This is one of the tragedies in education today. We have a lot of people who don’t recognize that being a teacher is being with people.
—bell hooks, Teaching to Transgress: Education as the Practice of Freedom
When schools across the world shut down during the Covid pandemic, I realized within days the essence of why I teach: it’s being with the students. Imparting information via Zoom could not recreate the living, breathing, shared space of my classroom. Sure, we could talk about the lesson, share anecdotes, and stay caught up with one another. But we were not with each other.
While on staff at Bluffton (OH) University I read Thomas Groome’s Sharing Faith: A Comprehensive Approach to Religious Education and Pastoral Ministry: The Way of Shared Praxis.1 This became a foundational work for my understanding of education and mission. When I began teaching at Lancaster Mennonite School (LMS)2 after a career with church-related ministries and twenty-five years of pastoral ministry, I knew intuitively that simply imparting knowledge was not the goal. It was about information informed by action and reflection, plus the inspiration of the biblical story and discernment of the classroom community. That’s shared praxis. Knowledge alone does not lead to wisdom unless there is analysis of power and awareness of its impact. Teaching high school juniors and seniors about church history, practical theology, and spiritual formation is most effective when we are sharing the same space.
In her book Teaching to Transgress: Education as the Practice of Freedom, the late bell hooks reflects on how she created space for everyone in her classroom: “Making the classroom a democratic setting where everyone feels a responsibility to contribute is a central goal of transformative pedagogy. . . . Who speaks? Who listens? And why?”3 Jane4 spoke to me after class one day in a panic, exclaiming, “I can’t do my Capstone project!” When I asked her why, she said, “Because I’ve been homeless for almost the whole semester.”
Like countless teens across the country, Jane had been couch-surfing after her guardian kicked her out of the house for violating curfew. At the time, I was still Chair of the Lancaster County Coalition to End Homelessness and invited Jane to do her Capstone project on youth homelessness. I gave her links to data from the National Alliance to End Homelessness, and one of the guidance counselors agreed to be her mentor for the Capstone research and presentation. “On a single night,” Jane wrote, “nearly 36,000 unaccompanied youth were counted as homeless. I was one of them.” Jane found the courage to lean into her circumstance, claim her voice, and own her story. Another family at school took Jane in for the rest of the school year, and she graduated on time.
In Whistling Vivaldi,5 social psychologist Claude Steele demonstrates the power of stereotypes and their impact on learning. His strong case for collaborative learning is one of the reasons I chose to incorporate large six-sided tables in my classrooms instead of desks. We learn from and with one another, especially when the groups are diverse. Vivian Gussin Paley writes in her insightful book White Teacher: “It is often hard to learn from people who are just like you. Too much is taken for granted. Homogeneity is fine in a bottle of milk, but in a classroom it diminishes the curiosity that ignites discovery.”6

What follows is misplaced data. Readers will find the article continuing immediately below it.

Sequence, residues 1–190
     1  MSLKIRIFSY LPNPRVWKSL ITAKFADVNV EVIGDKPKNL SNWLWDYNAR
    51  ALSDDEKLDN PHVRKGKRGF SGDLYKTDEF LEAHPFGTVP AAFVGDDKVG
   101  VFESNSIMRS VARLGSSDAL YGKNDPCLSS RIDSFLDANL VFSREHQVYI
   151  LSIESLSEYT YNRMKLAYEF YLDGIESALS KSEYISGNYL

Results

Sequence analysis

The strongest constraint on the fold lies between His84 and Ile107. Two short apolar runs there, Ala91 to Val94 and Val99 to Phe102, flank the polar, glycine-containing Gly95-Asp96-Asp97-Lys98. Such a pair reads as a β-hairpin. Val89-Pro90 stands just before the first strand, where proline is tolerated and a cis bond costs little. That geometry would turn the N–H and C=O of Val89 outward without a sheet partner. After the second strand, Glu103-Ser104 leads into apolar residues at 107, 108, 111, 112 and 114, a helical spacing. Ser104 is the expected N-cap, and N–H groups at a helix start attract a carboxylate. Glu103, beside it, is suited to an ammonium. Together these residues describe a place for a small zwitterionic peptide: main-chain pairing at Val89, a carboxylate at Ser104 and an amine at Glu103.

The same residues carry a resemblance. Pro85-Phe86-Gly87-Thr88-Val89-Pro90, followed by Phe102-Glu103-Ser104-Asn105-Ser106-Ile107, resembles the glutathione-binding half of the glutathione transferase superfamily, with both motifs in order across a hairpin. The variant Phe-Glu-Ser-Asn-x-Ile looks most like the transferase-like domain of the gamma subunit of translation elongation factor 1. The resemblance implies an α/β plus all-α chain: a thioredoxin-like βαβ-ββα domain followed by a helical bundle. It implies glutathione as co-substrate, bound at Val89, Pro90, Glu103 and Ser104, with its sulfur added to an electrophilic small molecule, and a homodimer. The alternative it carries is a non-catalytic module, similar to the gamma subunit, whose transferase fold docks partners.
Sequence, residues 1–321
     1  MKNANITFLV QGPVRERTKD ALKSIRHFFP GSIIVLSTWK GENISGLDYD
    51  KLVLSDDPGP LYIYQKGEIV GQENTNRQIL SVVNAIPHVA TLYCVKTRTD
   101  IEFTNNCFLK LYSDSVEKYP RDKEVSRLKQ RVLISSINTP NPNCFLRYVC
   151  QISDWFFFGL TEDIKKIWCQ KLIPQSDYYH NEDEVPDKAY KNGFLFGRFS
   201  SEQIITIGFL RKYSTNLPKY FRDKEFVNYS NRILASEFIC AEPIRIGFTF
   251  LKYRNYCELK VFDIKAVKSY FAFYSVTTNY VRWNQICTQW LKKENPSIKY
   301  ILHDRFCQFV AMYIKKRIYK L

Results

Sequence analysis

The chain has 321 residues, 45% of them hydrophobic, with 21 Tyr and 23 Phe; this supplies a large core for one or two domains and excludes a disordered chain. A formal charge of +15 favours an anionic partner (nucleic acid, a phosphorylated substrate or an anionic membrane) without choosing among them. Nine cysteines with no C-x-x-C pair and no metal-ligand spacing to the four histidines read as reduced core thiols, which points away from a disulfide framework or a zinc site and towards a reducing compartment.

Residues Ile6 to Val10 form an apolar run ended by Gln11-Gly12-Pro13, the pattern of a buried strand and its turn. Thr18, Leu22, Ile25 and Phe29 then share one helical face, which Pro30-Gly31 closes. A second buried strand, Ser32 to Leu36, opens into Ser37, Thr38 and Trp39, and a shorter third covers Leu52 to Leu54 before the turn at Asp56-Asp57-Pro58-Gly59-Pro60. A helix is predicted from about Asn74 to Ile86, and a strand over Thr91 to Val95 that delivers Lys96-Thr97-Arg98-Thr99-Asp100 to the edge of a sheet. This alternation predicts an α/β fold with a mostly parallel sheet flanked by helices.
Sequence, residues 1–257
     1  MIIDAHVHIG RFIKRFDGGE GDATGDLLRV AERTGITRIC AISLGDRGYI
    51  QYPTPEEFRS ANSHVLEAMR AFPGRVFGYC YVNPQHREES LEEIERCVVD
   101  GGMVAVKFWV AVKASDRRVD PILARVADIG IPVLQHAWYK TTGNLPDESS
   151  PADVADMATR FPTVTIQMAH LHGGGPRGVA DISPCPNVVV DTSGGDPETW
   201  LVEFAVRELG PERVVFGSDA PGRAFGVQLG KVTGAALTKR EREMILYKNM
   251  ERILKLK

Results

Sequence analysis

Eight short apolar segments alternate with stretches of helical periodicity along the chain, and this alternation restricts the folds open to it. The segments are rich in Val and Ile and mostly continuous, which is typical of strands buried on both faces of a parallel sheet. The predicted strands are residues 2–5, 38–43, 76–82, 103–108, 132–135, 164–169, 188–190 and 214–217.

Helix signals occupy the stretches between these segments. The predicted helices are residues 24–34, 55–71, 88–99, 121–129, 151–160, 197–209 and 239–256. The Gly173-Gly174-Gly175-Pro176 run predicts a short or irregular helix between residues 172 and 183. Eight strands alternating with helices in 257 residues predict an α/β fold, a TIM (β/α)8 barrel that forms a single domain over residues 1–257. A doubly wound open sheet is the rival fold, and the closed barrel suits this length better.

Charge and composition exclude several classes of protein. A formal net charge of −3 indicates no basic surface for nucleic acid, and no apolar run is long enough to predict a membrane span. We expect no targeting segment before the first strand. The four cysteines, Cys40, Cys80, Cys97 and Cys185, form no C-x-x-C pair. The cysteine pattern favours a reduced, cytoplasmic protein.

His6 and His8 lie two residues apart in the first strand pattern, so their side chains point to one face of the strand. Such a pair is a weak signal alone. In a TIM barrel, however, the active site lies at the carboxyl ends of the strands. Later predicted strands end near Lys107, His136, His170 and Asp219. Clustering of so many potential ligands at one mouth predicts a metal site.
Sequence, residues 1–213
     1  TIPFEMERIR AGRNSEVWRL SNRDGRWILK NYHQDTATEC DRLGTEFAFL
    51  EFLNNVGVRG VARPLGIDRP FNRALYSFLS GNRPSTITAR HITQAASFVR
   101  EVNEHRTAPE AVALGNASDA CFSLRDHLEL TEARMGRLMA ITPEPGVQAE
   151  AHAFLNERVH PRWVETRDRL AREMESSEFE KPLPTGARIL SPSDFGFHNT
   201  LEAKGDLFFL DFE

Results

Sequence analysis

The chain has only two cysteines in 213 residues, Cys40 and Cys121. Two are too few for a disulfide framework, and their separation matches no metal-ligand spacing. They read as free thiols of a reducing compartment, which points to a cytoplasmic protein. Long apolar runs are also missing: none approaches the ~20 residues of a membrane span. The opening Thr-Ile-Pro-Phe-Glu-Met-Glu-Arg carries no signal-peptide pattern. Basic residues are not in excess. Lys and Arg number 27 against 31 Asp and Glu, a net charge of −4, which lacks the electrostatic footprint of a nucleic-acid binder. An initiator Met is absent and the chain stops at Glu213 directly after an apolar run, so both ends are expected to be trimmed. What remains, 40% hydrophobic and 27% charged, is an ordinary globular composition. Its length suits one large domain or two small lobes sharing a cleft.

Table groups in “Spiritual Formation,” the dual enrollment course I teach through Eastern Mennonite University (Harrisonburg, VA), function as small groups during the semester-long course at Lancaster Mennonite. I intentionally place students in groups outside of their friend group and try to balance gender, race, and socioeconomic backgrounds. I invite them to create community over time, with a common commitment to keep Christ at the center and love one another into a safe and brave space. I know that I can only position the students to have this experience; it cannot be forced. But when it happens, students point to that group experience and say, “I thought I knew my classmates, but now I realize we rarely share our truth at that deeper level.”
Honesty and trust can lead to vulnerability and the love shared within genuine friendships. Many table groups have stayed in touch after graduation and are intentional about getting together in person. After all, true community is situated in teaching and in being with people.
Jim S. Amstutz teaches and coaches at Lancaster (PA) Mennonite High School following twenty-five years of pastoral ministry. He serves as a trustee at Bluffton (OH) University and chair of the Community Action Partnership Board in Lancaster. He earned a DMin degree from Fuller Theological Seminary (Pasadena, CA) in missional leadership in 2008. He is the author of Threatened with Resurrection: Self-Preservation and Christ’s Way of Peace (Herald, 2002) and numerous articles/chapters on peacebuilding, appreciative inquiry, and missional leadership. Jim is married to Lorraine Stutzman Amstutz, and they have three adult children and four grandchildren. They attend Blossom Hill Mennonite Church in Lancaster.
Thomas H. Groome, Sharing Faith: A Comprehensive Approach to Religious Education and Pastoral Ministry: The Way of Shared Praxis (Eugene, OR: Wipf and Stock, 1991).
LMS is a private pre-K to Grade 12 school in Lancaster County, Pennsylvania, with increasing racial and socioeconomic diversity.
hooks, Teaching to Transgress, 39–40.
The student’s name has been changed to protect their identity.
Claude M. Steele, Whistling Vivaldi: How Stereotypes Affect Us and What We Can Do (New York: W. W. Norton & Company, 2010), 100.
Vivian Gussin Paley, White Teacher (Cambridge: Harvard University Press, 1979, 1989), 56.